when i was a little girl, elementary-school age, i went to bed every single night all winter long fantasizing about two things…two magical overnight transformations.

the first involved me waking up with long, flowing locks of hair – preferably curly – instead of my real-life mushroom cut, which made me look rather like someone had tied a dog dish to my head and snipped around it. the second was about snow days.

i never got the former until high school, but the latter – bless you, frozen north of Canada – were relatively regular occurrences. waking up to a world blanketed in snow and having the rush of routine and everydayness startled into vivid, cozy technicolour by the cancellation of school and the prospect of a whole unforeseen day of leisure: definitely magic. in my adulthood, it’s occurred to me that snow days have all the side benefits of tragedy – the release from menial responsibilities and work duties, the gathering together, the shedding of unnecessaries – without the actual, erm, tragedy. they’re the candy on the calendar.

and since i am, by trade, a teacher, and currently work at a university, i still get to experience the luxury of snow days even now that i’m long grown. this morning, in the darkness, two lazy adults stretched out under the duvet listening to the peeping, “i’m awake now, thank you” sounds emanating from the other bedroom and the long, long list of cancellations coming from the radio. after the peeper was retrieved and changed and fetched some milk, the three of us retreated back under the covers in hopes of hearing the magic words. and they came: a snow day.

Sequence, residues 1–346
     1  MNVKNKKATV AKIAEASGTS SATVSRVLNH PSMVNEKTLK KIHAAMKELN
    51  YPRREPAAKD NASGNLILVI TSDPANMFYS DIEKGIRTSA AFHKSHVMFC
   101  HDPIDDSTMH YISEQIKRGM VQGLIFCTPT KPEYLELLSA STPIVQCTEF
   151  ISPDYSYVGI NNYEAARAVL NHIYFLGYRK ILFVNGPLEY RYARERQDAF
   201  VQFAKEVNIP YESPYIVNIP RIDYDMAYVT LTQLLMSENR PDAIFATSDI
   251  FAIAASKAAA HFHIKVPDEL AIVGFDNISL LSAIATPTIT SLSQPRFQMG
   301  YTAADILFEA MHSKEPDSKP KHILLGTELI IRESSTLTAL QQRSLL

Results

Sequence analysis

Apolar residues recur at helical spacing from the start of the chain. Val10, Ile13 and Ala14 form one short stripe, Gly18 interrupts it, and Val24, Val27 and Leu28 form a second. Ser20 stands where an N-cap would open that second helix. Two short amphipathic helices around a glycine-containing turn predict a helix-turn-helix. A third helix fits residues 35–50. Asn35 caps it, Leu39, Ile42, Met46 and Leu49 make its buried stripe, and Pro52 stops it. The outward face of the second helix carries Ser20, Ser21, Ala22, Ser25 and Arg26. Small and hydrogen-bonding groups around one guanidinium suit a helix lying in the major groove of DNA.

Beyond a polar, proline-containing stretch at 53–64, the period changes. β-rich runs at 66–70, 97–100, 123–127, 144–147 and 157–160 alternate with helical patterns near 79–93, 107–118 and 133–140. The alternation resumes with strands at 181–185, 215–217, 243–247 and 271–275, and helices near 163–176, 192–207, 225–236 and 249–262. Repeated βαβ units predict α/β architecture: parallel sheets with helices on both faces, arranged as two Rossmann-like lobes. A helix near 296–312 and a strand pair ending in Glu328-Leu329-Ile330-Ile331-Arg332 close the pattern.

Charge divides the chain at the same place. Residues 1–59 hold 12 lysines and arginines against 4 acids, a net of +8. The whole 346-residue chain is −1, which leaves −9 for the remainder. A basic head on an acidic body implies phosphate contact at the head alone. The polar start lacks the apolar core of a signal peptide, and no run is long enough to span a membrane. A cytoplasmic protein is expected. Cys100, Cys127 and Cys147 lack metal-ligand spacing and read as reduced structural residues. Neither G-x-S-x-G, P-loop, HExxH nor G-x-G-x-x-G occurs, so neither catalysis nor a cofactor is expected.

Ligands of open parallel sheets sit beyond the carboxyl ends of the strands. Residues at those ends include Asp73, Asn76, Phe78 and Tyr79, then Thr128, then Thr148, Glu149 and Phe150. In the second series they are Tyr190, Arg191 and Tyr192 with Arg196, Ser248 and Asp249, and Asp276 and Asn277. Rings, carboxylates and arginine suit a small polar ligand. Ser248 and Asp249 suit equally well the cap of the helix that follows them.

now, we’re still working, for part of the day, because the kinds of work we do can be done online and we still have power and all those good things. but i also got to get other things done – things that would have been pushed off to the weekend, like dragging the fake Christmas tree into the porch to air out, and getting the new hemp liners for O’s diapers boiled and ready for use. homey things. i will put something in the crock pot to cook in an hour or so, just ’cause. and i got to start it all late, because after the cancellations came, Dave and Oscar left me in the bed alone for two solid hours of rollicking, dreaming, rejuvenating morning sleep, my very favourite kind.

i hope it’s a very stormy winter.

+++++++++++++++++++++++++++++++++++++++++++++++++++++++++++++O in mitts

Oscar has taken to the arrival of snow in his world with great interest, bordering on fetishism. we have shutters on the inside of our bedroom window, and this morning just as the sun was coming up, before he and Dave departed to let me sleep, he pulled himself up on the old wooden crate that sits under the window, holding books, and threw open the shutters, shouting “‘no! ‘no!” and beating his little hands with glee on the frosted window. later, when his father got dressed for shovelling, O grabbed a hat of his own and a pair of adult gloves from the basket in the closet and beelined for the back door. he was outraged when we wouldn’t let him outside to play. he tamped his feet on the mud porch floor, then, with great frustration and deliberateness, shook his gigantically be-gloved paws at us and said, very clearly, “mitt. hat. ‘no.”

it must be a terrible trial to have parents so stupid that they can’t even tell when you’ve dressed yourself to go outside on a snow day.